Today, I want to talk about the magic of music.
There are some songs that from the minute I hear the opening notes, I’m transported to a very specific time in my life: “Changes in Latitudes, Changes in Attitudes,” “Fire and Rain,” “Dancing in the Moonlight,” “Lyin’ Eyes”…
If an old song from the ‘70s comes on, I’m not wherever I am when it’s playing. I’m in my Mustang convertible bringing Frank Horst home from football practice or Dave Smithson home from work at Cherry Chase Public Golf Course.
And the meaning of a song can change with the passage of time.
For instance, now when I hear “Leader of the Band,” I’m carried away to early September 2021, hand-feeding my dad ice cubes as he lay in bed, just an hour before he died.
The leader of the band is tired, and his eyes are growing old
But his blood runs through my instrument and his song is in my soul
My life has been a poor attempt to imitate the man
I’m just a living legacy to the leader of the band
Certain songs transport you back in time, to happy moments, to sad moments, to the moments you wish you could forget but never will. Music is like that. Music is magic.
And as leaders, we can take this magic and positively harness it to achieve our Wildly Important Goals. Athletes do it all the time. During the 2016 Olympics, Michael Phelps famously got into the zone by listening to Future’s “Stick Talk,” which he said motivated him for the races ahead.
While “Stick Talk” pumped Phelps up for the pool, another athlete in another sport might choose something to calm them down. Costas Karageorghis, a professor of sports and exercise psychology at Brunel University London, explained in an article for CBC.ca that athletes competing in high-octane sports like snowboarding or surfing “might choose a song with a tempo that is close to resting heart rate at a moment of high anxiety.”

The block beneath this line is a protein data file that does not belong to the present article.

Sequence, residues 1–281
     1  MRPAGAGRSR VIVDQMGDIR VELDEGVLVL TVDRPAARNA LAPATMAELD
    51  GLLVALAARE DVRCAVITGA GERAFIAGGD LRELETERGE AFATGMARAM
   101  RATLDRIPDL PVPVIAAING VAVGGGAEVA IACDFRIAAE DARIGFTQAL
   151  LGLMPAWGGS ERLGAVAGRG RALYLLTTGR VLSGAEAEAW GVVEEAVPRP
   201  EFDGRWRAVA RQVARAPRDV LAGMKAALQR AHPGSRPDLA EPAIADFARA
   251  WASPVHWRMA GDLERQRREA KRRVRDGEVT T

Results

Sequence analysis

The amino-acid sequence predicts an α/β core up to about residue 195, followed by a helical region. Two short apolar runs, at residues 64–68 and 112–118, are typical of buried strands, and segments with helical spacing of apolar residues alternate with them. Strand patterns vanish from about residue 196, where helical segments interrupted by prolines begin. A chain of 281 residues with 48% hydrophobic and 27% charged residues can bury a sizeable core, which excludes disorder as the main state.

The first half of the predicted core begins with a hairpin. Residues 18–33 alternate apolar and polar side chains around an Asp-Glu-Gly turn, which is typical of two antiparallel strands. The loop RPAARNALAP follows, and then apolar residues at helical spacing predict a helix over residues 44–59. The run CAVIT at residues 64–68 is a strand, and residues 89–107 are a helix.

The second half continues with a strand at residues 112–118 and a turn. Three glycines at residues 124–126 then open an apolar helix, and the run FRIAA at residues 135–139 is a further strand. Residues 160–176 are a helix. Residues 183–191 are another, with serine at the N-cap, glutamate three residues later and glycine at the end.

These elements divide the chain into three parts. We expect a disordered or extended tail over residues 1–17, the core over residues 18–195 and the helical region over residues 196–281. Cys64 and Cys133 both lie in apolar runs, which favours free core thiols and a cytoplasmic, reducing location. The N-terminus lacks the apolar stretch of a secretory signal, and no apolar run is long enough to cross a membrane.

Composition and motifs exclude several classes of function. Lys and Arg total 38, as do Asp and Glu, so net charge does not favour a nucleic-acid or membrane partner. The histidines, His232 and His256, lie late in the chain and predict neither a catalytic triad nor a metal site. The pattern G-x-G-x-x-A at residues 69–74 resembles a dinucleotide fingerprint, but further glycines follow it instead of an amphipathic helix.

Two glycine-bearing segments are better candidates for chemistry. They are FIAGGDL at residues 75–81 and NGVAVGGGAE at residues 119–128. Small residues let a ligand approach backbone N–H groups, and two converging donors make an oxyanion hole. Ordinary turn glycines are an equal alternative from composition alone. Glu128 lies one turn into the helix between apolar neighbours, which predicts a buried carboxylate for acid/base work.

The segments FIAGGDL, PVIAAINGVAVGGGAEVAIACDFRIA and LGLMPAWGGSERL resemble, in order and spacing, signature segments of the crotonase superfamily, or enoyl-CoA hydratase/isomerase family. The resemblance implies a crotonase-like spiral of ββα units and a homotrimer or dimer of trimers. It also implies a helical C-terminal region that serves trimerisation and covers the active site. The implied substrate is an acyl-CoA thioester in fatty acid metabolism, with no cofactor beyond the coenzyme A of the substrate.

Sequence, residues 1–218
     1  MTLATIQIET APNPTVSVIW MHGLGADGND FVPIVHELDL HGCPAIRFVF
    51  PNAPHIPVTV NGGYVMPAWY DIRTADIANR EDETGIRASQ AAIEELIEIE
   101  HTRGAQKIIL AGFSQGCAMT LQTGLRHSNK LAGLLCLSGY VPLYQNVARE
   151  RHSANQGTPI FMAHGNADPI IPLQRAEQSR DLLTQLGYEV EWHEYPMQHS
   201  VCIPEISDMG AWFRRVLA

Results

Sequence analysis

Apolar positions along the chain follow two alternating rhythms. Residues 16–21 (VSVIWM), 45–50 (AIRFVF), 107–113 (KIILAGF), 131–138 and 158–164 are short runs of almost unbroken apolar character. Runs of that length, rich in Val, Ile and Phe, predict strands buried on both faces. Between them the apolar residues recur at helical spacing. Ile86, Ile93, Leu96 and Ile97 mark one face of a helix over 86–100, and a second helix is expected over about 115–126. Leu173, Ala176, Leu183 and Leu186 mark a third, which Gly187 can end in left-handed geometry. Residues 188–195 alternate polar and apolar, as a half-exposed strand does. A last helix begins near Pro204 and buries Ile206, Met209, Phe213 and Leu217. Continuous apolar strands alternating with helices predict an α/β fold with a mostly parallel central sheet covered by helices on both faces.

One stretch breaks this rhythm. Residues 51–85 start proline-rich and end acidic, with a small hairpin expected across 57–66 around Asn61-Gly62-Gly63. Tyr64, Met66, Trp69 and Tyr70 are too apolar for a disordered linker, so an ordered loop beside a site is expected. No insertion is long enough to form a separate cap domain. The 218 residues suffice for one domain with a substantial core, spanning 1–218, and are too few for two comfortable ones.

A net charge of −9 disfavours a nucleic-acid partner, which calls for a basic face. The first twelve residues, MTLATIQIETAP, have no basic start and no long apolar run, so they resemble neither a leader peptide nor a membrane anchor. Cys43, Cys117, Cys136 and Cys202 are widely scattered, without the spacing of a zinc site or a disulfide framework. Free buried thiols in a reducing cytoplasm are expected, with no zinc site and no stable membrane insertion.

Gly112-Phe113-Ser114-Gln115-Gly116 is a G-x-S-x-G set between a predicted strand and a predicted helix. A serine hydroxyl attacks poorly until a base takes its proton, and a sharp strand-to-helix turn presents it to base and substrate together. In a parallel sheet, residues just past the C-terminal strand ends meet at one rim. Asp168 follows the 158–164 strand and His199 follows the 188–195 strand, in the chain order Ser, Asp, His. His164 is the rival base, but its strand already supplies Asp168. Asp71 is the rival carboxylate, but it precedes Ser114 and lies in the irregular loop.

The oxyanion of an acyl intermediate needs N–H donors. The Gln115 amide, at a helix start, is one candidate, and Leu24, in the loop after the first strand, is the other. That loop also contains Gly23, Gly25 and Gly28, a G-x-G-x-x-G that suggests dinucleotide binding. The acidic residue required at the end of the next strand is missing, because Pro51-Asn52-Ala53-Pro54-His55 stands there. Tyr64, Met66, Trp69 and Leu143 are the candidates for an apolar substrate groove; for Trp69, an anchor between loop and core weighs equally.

Whenever possible, I’ve always tried to bring the magic of music to the leaders around me. At last year’s Stronger Together event, I asked the CEOs to select the song they wanted to play while they walked onto the stage. At Contempo Realty and Intero, I’d come up on stage to the theme song from “The Godfather.” In fact, just writing that line right now I’m already humming the music. Daa daaa daaa daaaaa…
Jim Kirk, CEO of Corporate Magic, the creative team behind the music and performances during General Sessions at the Berkshire Hathaway HomeServices Sales Convention, told me an old college friend of his who became a vocal teacher wrote a dissertation on the healing effects of singing and the positive benefits singing can have on the immune system.
It makes sense when you think about all the ways music can alter our mood and mindset.
Jim also said that from a young age, he taught himself to analyze the impact a particular song would have on people, then choose what style, instruments, choral progressions, tempos, voices or lyrics to use to elicit those feelings in others. It’s why if you’ve ever been to a general session at the sales convention, you’re taken on a rollercoaster of emotions as the music twists and turns with drama and excitement. Every choice Jim and his team make is strategic and purposeful. But more on that next week. Please (pun intended) stay tuned.
So, what’s the message? Music is magic.
This article is adapted from Blefari’s weekly, company-wide “Thoughts on Leadership” column from HomeServices of America.